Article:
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By Martin Hutchinson
Director of Global Investing Research
After weeks of water-cooler speculation, the U.S. central bank’s policymaking Federal Open Market Committee yesterday (Tuesday) slashed the benchmark Federal Funds rate by half a percentage point, to 4.75%. It was the first reduction in U.S. interest rates in four years.
This strategy – of sharply cutting interest rates every time the stock market, or the economy – skidded into a rough patch, used to be known, quite sardonically, as a “Greenspan Put,” in honor of former Federal Reserve Chairman Alan Greenspan.
The move itself will have made Jim Cramer, Larry Kudlow and many other stock traders very happy. The commensurate Louis Roederer Cristal/ Dom Pérignon champagne indicators will no doubt stage a strong sympathy rally this evening.
But I would argue that the rest of us should very seriously consider purchasing some “put” options.
Let me explain …
Rate Reduction Redux
As I said in my column yesterday, I believe that a rate reduction of this magnitude will touch off a resurgence in the U.S. economy – but with a cost, as I expect that we’ll see inflation begin its upward march.
However the text of the Fed’s statement, and some new data yesterday, raises a disquieting alternative possibility: Perhaps Fed Chairman Ben S. Bernanke knows something ‘bad’ about the U.S. economy, that the rest of us aren’t at all aware of.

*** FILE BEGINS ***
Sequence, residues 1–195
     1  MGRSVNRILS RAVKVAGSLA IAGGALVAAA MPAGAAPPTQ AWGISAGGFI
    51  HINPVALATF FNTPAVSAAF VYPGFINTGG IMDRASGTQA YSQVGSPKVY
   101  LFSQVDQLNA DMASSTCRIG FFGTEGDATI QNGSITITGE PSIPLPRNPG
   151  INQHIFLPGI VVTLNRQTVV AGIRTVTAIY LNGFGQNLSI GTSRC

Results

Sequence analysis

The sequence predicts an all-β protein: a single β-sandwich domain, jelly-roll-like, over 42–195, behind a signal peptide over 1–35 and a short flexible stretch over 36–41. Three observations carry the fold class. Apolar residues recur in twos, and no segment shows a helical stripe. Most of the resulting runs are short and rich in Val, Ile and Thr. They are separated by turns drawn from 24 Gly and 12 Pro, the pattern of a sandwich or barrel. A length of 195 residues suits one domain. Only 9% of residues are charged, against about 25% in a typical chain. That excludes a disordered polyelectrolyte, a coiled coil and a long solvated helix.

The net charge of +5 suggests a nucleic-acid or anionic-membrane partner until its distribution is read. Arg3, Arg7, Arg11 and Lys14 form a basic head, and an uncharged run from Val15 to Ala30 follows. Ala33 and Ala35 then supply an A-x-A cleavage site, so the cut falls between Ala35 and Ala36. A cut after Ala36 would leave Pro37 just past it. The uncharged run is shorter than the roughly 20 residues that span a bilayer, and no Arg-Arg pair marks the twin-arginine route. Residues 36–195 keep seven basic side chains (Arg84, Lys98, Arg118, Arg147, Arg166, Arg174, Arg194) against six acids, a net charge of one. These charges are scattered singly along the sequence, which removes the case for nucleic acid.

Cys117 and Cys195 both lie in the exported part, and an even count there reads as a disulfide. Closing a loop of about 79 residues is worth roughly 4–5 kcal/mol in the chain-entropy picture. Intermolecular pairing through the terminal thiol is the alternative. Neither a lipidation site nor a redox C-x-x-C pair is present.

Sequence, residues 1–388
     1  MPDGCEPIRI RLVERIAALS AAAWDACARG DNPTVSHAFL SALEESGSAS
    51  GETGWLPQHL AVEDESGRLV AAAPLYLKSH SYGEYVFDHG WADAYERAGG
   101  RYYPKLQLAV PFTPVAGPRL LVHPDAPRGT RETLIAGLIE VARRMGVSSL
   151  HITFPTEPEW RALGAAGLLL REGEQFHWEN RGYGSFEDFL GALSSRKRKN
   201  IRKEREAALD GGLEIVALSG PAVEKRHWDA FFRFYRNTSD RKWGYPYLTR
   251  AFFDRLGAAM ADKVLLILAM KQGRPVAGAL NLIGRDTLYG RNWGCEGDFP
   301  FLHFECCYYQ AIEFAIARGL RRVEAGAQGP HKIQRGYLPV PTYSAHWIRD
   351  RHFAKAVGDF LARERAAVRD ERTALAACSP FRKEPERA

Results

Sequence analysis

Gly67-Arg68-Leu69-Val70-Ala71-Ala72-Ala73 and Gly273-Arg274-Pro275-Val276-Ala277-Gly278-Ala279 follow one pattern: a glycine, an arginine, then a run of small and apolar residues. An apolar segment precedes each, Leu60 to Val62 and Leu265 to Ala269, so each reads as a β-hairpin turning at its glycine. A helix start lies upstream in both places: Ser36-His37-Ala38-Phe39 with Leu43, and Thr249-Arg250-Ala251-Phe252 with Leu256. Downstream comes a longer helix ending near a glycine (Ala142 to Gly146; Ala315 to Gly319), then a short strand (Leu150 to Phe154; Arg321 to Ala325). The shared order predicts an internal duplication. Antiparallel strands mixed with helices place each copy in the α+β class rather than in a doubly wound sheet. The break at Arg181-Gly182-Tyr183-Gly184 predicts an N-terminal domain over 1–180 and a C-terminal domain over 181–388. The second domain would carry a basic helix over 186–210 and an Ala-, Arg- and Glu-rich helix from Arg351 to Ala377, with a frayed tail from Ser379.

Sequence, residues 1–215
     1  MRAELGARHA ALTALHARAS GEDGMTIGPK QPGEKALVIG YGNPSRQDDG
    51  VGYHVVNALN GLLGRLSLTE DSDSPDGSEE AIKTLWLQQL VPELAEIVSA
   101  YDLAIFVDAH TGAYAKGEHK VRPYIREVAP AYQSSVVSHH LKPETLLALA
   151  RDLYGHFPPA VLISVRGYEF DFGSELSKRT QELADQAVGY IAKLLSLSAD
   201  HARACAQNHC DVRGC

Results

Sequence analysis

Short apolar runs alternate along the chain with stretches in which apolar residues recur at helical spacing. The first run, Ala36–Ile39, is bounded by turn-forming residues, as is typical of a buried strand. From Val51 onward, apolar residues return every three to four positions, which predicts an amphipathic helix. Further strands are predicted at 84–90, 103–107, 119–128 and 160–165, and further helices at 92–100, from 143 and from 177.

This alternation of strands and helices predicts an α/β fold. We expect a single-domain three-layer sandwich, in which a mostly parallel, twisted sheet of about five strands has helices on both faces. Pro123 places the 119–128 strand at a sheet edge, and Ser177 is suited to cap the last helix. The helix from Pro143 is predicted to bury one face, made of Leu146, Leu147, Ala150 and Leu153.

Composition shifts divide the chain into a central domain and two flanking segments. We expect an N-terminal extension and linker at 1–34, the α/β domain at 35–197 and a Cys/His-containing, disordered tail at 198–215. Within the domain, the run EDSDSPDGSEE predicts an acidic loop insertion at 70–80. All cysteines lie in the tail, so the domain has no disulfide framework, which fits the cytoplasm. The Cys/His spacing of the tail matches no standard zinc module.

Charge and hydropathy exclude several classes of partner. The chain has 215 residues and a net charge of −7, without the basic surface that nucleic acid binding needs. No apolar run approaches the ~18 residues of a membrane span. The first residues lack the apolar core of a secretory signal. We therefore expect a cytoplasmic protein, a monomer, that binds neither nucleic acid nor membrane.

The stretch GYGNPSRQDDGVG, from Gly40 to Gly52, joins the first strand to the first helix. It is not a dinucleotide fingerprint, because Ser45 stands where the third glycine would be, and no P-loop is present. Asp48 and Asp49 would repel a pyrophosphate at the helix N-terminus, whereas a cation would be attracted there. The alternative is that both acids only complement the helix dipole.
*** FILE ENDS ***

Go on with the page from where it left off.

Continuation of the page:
In the statement released following yesterday’s meeting, Fed policymakers claimed that the rate cut was needed to “help forestall some of the adverse effects on the broader economy that might otherwise arise from the disruptions in financial markets.”
At first glance, it smacks a bit of the indecipherable “Fedspeak” that former chairman Greenspan perfected and used to such great advantage during his tenure as the head of the nation’s central bank. Indeed, the statement doesn’t even seem to make sense.
Sharks and Shysters and Crooks, Oh My
You see, a high percentage of the subprime mortgages that touched off the growing global credit crunch were either fraudulent, or chimerical. Sometimes crooks and shysters just lied about their income to buy houses, assuming the market would bail them out. At other times, financially simple souls – the proverbial supermarket cashier, or shoe-store clerk – genuinely thought they would be able to afford a $700,000 California house on an $11 per hour wage.
Neither of these two categories will be helped by the reduction in interest rates. In fact, even if those rates dropped to zero, chances are that neither class of borrower could afford the principal repayments or the property taxes on the houses they’d purchased. [Well, I suppose it would be possible if lenders could make zero-amortisation, zero-interest-rate, and 100-year mortgages – and then report them on their books at 100% of their value – since no payments would be missed until 2107!].
The subprime-mortgage mess has caused the money markets to seize up like a Bentley with a leaky crankcase, and that’s no surprise. With modern financial techniques such as securitization and asset-backed commercial paper, nobody had the faintest idea where all this toxic junk ended up, so it’s not surprising that banks wouldn’t lend to each other. The solution, which we’ve seen, is for central banks to lend money “into” the market to make it liquid again. As was true of the prior examples, lower interest rates have no benefit here, either.